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Ancient roman games as a killing machine for wild animals

Hunting scene on granite board taken from Roman Amphitheater in Mérida (Spain). Current location of the granite: Nacional Museum of Roman Art in Mérida. Photo by Lorenzo Plana Torres

The games in the Roman arenas were above all a huge killing and extermination machine for wild animals. It was not the gladiatorial fights, not the chariot races or the theatrical performances that topped the popularity charts of the imperial townspeople. Rather, they were the so-called animal hunts, during which over the centuries tens of thousands of animals were slaughtered for the enthusiastic public. It started in 186 BC, when Roman General and consul Marcus Fulvius Nobilior organized ten-day’s games for his returning to Rome after the triumph over the Central Greek Alliance of Aetolians. Full details about the triumph were given by roman historian Titus Livius.  For the first time a lot of lions and panthers were hunted in order to gladiators play deathly games against wild animals in the circus. Fulvius Nobilior set standards that his successors sought to outdo both in terms of the amount of animals used in circus and for the different type of performance in games. During the games organized by Fulvius Nobillior, around 170 wild animals were killed in the Roman arena including 63 African animals, 40 bears and elephants.

The dictator Lucius Cornelius Sulla gave the Roman public a showcase of about 100 lions. The African hunters were usually captured by the Romans along with wild animals. In 58 BC, 150 leopards and for the first time an Egyptian hippopotamus and five crocodiles were transported to Rome for killing. Always new animal species, always new killing techniques and above all ever larger quantities of animals were brought in and used up for the so-called games. There was hardly found big wild animals that was not used in the Roman games. Tigers from India, seals from the North Sea coast, elephants and rhinos from Africa, deer from Gaul, hippopotamus and crocodiles from Africa or giraffes and ostrich from Ethiopia were victims of the Roman entertainment industry. Not to mention bears, all kinds of big cats, bulls and many more.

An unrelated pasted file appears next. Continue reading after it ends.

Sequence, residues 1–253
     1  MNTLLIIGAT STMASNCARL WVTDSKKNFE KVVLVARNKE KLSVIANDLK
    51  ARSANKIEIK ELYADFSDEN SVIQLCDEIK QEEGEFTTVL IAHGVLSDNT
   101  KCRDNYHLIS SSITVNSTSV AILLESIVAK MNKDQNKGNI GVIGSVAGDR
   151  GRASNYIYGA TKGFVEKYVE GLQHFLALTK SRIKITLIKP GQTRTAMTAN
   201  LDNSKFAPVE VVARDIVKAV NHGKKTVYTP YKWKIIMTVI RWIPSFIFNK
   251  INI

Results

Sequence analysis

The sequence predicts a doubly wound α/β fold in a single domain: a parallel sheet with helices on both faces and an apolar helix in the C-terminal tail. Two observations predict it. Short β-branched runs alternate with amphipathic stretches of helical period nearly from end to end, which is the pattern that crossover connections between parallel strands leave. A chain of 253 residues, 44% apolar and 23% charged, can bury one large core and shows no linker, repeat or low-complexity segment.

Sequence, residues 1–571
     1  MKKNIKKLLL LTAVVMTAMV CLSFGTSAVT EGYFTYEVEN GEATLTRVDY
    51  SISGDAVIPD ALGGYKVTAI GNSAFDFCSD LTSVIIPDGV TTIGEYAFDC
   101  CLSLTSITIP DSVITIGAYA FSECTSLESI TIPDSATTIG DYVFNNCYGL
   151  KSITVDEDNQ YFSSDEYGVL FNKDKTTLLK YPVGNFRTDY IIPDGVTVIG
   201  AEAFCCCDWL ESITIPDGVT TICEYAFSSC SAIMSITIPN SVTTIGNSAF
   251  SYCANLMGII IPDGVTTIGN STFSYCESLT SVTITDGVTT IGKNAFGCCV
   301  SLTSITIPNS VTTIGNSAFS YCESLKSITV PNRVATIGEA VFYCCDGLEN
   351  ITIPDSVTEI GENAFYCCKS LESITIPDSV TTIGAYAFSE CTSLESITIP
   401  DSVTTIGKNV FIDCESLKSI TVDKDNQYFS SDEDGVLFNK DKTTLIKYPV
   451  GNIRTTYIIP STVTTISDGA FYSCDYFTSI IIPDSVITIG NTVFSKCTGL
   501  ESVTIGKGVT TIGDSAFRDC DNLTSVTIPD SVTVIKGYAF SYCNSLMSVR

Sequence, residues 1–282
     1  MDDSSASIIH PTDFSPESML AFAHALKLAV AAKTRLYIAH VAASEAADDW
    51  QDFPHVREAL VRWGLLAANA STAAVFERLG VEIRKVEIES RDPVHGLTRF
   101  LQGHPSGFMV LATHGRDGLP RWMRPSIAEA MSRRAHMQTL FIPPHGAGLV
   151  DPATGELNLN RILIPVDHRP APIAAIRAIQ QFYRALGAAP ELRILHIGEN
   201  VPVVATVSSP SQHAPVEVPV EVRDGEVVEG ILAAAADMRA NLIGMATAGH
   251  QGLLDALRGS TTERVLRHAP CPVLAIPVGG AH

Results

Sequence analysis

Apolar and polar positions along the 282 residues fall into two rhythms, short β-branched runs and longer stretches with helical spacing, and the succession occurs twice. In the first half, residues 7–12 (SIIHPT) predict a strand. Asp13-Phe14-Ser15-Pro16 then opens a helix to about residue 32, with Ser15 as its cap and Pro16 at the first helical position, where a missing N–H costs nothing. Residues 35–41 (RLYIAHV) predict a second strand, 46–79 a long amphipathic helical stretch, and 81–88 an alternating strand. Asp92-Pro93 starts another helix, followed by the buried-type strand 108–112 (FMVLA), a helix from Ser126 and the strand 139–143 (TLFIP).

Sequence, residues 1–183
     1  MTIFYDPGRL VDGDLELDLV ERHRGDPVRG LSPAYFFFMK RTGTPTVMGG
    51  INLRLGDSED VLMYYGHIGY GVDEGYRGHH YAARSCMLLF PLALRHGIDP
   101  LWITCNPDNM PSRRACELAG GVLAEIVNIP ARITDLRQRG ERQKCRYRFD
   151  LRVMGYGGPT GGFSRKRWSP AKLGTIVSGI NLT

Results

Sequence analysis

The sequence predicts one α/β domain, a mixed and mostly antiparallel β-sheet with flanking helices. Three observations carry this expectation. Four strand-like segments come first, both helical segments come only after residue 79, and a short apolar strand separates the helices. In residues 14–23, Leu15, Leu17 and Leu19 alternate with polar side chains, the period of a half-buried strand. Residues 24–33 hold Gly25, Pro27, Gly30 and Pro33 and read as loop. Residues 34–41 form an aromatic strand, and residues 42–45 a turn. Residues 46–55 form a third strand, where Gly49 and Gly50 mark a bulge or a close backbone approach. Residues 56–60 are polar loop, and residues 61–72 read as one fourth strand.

Finally, hippopotamus in Lower Egypt were completely eradicated in the 4th century. Likewise, the elephants in Libya and the lions in Thessaly were extinct.

During the reign of Roman Emperor Trajan around 11000 animals were slaughtered in the arena within 123 days in a single game period when he celebrated victory over the Dacians. An army of caretakers, transport workers, guards, veterinarians and trainers organized the preparation of spectacularly staged killing orgies. How many animals have already died in the hunt and on the transport, by accidents, ship sinking or epidemics, it impossible to know.  The number may have been little less than in compare to those animals who have slaughtered as victim of the games eventually. Probably hundreds of thousands or millions, of animals have been subjected to systematic destruction in Roman games. Because the example numbers given above only refer to the games directly in city of Rome. But there were hundreds of venues throughout the Roman Empire, whose games, also including large number of wild animals in arenas.

For the Romans, killing large number of wild animals was no reason to regret. On the contrary, they were proud of these great achievements in their eyes.  Areas in which the wild predators had previously lived, Romans thought they could be used for livestock breeding and agriculture. The liberation of entire regions from wild animals was regarded as a good achievement.
Reverence for creation, responsibility for the environment were not central categories of antiquity, as can be demonstrated in the areas of war, forest management and, in general, natural resources.

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